30 minutes later, five more men arrived in two separate cars, the respondent recalled. He identified one vehicle as a black discovery land rover with “border police” written in English on the front and a logo on the side, verified by Image 2, and the second car as an old green Jeep with Bulgarian writing on the side, verified by image 3; both cars had “BG” in there license plate.
Image 3: Bulgarian Police Jeep
Three uniformed men were sat in the black vehicle and two more uniformed men were in the green Jeep. Four of men were wearing sacramento green jackets and pants with “Police” written on their backs in white, one man was wearing a shirt that had the Bulgarian flag stitched on the right arm sleeve, and the sixth man was wearing a long-sleeved forest green shirt and pants, recalled the respondent.
Reportedly, the uniformed men didn’t talk to the respondent and his friend but loaded them into the trunk of their jeep that was then driven to the pushback point at the border. When asked to describe the inside of the car, the respondent said the trunk itself was 2 by 1 meters in size, with nowhere to sit. The driving was reportedly fast and careless, first on a paved road and later in the mountain. According to him, they were driving for about an hour and a half. The respondent could see outside as they reportedly drove through many villages. About 40 minutes into the drive they reached mountainous and forested areas, recalled the respondent.
They arrived near the border fence surrounded by a forest. When asked to describe his surroundings, the respondent said there was a door in the fence with cameras planted everywhere. He further stated that the two uniformed men who were sitting in the jeep and the transit group were the only ones at the site. The uniformed men then reportedly took the respondent and his friend out of the trunk and started slapping and punching them for about 3 minutes. They were then told to remove their jackets, and give their phones and money to the officers. He recalled that the uniformed men were armed with batons and screamed at the respondent and his friend to give them everything they had. “We were afraid so I gave everything I had but my Moroccan friend was hiding 20 Euros in his underwear. We didn’t give it, they are bandits, they can’t be officers”. The respondent described the baton as being black and made of plastic. The phones, money, jackets, shoes, and backpacks were not returned to the respondent.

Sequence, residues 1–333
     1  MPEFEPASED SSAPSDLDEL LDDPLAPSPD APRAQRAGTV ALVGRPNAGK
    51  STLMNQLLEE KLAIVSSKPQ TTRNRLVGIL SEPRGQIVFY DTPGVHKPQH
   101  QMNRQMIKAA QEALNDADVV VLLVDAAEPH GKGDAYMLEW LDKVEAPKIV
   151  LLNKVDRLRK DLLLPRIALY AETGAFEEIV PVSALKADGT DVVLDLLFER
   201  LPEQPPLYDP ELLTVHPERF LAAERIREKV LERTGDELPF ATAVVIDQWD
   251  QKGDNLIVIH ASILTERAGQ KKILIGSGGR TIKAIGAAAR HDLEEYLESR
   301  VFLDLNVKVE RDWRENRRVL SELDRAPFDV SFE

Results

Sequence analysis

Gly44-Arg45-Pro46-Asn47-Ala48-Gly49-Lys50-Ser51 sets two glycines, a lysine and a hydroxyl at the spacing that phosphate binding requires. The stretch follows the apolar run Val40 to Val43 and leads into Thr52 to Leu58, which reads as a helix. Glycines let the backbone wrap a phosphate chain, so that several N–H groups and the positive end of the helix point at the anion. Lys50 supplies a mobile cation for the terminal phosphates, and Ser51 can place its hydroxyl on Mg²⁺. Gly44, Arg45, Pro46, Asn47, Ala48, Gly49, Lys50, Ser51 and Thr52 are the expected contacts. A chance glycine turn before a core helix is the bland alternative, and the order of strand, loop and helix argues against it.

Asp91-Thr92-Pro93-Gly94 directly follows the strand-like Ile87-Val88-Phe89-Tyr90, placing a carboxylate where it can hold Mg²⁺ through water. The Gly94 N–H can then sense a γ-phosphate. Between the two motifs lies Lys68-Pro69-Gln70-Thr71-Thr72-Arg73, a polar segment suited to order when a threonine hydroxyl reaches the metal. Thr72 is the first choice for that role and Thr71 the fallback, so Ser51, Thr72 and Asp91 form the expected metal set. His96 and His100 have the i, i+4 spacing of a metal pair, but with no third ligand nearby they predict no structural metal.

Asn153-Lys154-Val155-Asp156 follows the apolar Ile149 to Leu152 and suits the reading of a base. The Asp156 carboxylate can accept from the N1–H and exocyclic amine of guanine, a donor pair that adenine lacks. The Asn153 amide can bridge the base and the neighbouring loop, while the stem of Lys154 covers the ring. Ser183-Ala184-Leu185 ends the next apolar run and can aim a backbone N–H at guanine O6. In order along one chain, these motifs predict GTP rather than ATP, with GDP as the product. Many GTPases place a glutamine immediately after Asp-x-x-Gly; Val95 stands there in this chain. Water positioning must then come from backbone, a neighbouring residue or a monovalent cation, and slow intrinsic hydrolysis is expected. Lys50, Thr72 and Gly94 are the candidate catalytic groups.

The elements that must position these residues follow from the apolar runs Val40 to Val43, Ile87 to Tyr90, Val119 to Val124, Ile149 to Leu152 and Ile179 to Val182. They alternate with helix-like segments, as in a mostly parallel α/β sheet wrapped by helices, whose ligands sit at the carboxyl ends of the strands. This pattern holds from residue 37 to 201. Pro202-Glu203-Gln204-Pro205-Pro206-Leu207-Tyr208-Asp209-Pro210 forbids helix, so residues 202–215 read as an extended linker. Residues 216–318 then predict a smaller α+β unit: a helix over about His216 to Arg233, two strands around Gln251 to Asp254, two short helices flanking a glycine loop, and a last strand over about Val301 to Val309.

The respondent said the officers spoke english to them and Bulgarian among each other.
The officers then reportedly beat the respondent with batons and subsequently forced the group through the door in the fence. The respondent said the door was two meters in height and didn’t look like an official door as it was located in the middl of an isolated wooded area. As they were being pushed back through the door, one of the uniformed men pulled his fire arm from the holster, pointed it at the respondent and said “run” while he began to count, explained the respondent.
Once back in Turkey, barefoot, they began to walk. “We were so exhausted and thirsty, we walked in the forest for 4 hours until we arrived at a highway”. Another two hours passed as they walked on the side of the road before they reached Dereköy, where some people gave them food and water. The respondent then said a person gave them a ride to Kirklareli for 20 Euros.